Self-care is a crucial step to realising a world without AIDS by 2030

Group of young people taking a selfie
Last updated on: 05 March 2024

According to the WHO self-care interventions are among the most promising and exciting new approaches to improve health and well-being. The World Health Organization (WHO) uses the following working definition of self-care: Self-care is the ability of individuals, families and communities to promote health, prevent disease, maintain health, and cope with illness and disability with or without the support of a healthcare provider.

Why does Aidsfonds consider self-care to be a vital part of Universal Health Coverage

Self-care is a crucial step to realizing a world without AIDS by 2030 and achieving Universal Health Coverage. Solutions such as condoms, HIV self-testing, pre-exposure prophylaxis (PrEP), self-sampling for STIs and digital health solutions that consumers demand to use on their own have led to a greater configuration of self-led HIV prevention, treatment and care possibilities than ever before. Self-care provides even more opportunities for people who are most affected by HIV and who have avoided traditional HIV services for fear of stigma associated with the virus, opening up new options for them to access healthcare on their own from the privacy of their own home, using their phones or through convenient delivery and distribution sources.

Through the Self-Care Trailblazer Group, Aidsfonds aims to advance the global self-care agenda by bringing in decades of expertise from both our own center, Soa Aids Nederland, and our local partners from around the world. However, self-care on its own is not a silver bullet for the AIDS epidemic because young people are only able to practice self-care if their autonomy, agency and human rights are upheld. To achieve this, we need socio-cultural and economic change as well as a more intersectional and interdisciplinary approach to global health and development.

How does Aidsfonds believe self-care can be used in the HIV response?

The HIV and AIDS response is not a new one. However, finding solutions to this worldwide epidemic has become even more challenging as we face a fight against a global pandemic at the same time. The COVID-19 crisis has shown us that now, more than ever, access to needed services, information, technology and tools are vital in driving healthy outcomes. One way we can find solutions is by equipping, empowering and encouraging young people to meet their own health needs through self-care. There are four ways that Aidsfonds is working to do just that:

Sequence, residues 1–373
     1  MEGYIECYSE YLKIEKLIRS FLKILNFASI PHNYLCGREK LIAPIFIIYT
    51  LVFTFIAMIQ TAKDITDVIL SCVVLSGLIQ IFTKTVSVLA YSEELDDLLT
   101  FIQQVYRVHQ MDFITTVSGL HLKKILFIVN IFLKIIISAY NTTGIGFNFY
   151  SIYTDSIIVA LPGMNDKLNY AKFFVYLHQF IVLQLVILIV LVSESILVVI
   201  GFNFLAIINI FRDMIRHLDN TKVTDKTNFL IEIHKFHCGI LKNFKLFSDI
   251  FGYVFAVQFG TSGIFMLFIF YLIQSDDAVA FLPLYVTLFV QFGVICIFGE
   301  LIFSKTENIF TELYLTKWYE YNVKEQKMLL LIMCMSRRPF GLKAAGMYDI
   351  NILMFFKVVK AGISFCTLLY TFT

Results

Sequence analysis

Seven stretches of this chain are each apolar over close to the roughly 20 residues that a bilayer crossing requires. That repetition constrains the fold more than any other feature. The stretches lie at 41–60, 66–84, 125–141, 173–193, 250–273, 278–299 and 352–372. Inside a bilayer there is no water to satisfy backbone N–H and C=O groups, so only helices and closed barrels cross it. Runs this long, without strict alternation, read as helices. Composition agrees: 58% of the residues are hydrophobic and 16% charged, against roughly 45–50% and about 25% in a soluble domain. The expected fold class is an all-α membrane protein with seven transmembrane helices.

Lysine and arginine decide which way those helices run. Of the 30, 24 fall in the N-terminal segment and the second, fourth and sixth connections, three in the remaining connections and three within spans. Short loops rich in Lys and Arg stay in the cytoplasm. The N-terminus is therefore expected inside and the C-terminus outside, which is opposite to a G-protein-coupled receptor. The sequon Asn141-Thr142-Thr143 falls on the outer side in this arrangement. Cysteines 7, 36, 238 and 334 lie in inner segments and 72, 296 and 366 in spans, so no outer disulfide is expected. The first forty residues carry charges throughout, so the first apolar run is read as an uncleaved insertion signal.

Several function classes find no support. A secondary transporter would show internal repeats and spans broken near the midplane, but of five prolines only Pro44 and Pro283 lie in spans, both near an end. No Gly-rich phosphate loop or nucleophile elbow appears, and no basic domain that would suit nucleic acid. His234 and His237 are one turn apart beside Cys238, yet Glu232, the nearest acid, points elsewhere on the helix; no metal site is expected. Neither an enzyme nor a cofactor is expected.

1. Digital health and self-care

As technology progresses, new opportunities for digital health have become possible. As a part of our digital health and self-care work, Aidsfonds and Soa Aids Nederland have developed the Stepped Care Model for sexual and reproductive health. This model connects young people to the services that directly meet their needs. When their needs change, the services change with them, optimizing efficiency and quality of healthcare and increasing health outcomes as a result. Al services in the Stepped Care Model are provided through one unified youth-brand, such as One2One in Kenya and B-wise in South-Africa.

To learn more about our Stepped Care Model, dive in here.

2. Last-mile delivery & self-care

Innovative health solutions can make a great impact on reaching remote areas with HIV services. Aidsfonds has partnered with Healthy Entrepreneurs to bring self-care to communities in rural and remote areas. Through this program, community health workers are trained in basic health products and applications using a solar-powered tablet that has educational videos on relevant health topics in local languages.

These community health entrepreneurs can make a living by selling reliable and affordable high impact products, distributing condoms, offering HIV self-testing and referrals and improving health knowledge in their remote communities. Each of these entrepreneurs have a reach of around 300 households, meaning around 1,500 individuals gain access to self-care services.

3. Paediatric HIV & self-care

Aidsfonds has also used self-care to ensure that children living with HIV have access to care and can live healthy, happy lives. To do this, we work with community health workers, who play a central role in all four stages of HIV care for children: find, test, start and stay. Learn more about the four stages of our “Kids to Care” model below and check out how it is empowering communities to find and diagnose children living with HIV, as well as practice self-care.


4. Y+ Beauty Pageant

Before you can take care of yourself, you need to love yourself first. 

 In many places, stigma is rife for young people living with HIV. In an effort to reduce stigma that young people face, Aidsfonds worked with the Uganda Network of Young People living with HIV/AIDS (UNYPA) to create the Y+ Beauty Pageant. The contest doesn’t focus on looks, but instead on being a role model for other young people with HIV, being able to advocate for the needs of young people and increasing acceptance and understanding of young people living with HIV in society.